SICSA CSE Lecture Series with Prof. Samson Abramsky

Date(s) - 10/06/2013 - 13/06/2013
All Day

SHSC Conference & Training Centre, Edinburgh

Professor Samson Abramsky
Monday 10th June 2013, 11:00am 4.31/4.33
Wednesday 12th June 2013, 11am 4.31/4.33
Thursday 13th June 2013, 11am G03

We are pleased to inform you Prof. Samson Abramsky will be visiting University of Edinburgh from June 9 – 14 and will present a series of lectures. The lectures will be self-contained, and should be accessible both to computer scientists and to physicists working in quantum information. All PhD students are particularly encouraged to participate.

The Logic and Geometry of Non-locality and Contextuality
We shall show how quantum non-locality and contextually are naturally described and unified in the language of sheaf theory. This leads to several concrete developments in quantum information and foundations:

– a novel classification of multipartite entangled states in terms of their degree of non-locality
– a topological analysis of entanglement monogamy and macroscopic locality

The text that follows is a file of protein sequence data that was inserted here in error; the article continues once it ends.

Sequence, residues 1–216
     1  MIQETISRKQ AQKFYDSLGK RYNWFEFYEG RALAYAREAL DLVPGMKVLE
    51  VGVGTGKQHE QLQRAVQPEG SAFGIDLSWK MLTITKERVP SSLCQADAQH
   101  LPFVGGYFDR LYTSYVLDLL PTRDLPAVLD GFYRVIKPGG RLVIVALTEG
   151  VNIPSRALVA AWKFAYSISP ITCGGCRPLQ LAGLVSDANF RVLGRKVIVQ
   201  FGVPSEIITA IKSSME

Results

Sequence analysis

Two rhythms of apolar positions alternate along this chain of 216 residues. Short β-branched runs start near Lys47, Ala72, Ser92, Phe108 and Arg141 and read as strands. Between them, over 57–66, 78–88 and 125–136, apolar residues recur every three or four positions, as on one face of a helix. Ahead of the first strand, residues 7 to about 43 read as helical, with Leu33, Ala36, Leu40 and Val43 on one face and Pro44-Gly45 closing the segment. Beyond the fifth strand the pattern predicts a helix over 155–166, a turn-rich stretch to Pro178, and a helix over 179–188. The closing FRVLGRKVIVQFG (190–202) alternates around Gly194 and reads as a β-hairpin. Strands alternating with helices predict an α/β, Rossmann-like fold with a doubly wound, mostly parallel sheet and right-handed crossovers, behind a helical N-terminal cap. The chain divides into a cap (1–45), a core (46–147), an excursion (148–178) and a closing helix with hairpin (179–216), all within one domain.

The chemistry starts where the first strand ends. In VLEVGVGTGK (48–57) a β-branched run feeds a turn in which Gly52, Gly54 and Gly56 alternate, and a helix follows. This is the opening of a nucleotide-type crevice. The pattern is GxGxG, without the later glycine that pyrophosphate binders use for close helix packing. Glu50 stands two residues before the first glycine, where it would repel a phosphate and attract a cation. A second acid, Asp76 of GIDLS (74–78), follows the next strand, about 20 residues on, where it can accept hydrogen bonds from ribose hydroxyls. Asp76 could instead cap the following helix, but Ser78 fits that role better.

– a cohomological characterisation of contextuality
– a unifying principle for Bell inequalities based on logicalconsistency conditions

Samson Abramsky is Christopher Strachey Professor of Computing and a Fellow of Wolfson College, Oxford University. Previously he held chairs at the Imperial College of Science, Technology and Medicine,
and at the University of Edinburgh. He is a Fellow of the Royal Society (2004), a Fellow of the Royal Society of Edinburgh (2000), and a Member of Academia Europaea (1993). He was the CliffordLecturer at Tulane University in 2008. He was awarded the BCS Lovelace Medal in 2013. He has played a leading role in the development of game semantics, and its applications to the semantics of programming languages. Other notable contributions include his work on domain theory in logical form, the lazy lambda calculus, strictness analysis, concurrency theory, interaction categories, and geometry of interaction. More recently, he has been working on high-level methods for quantum computation and information.

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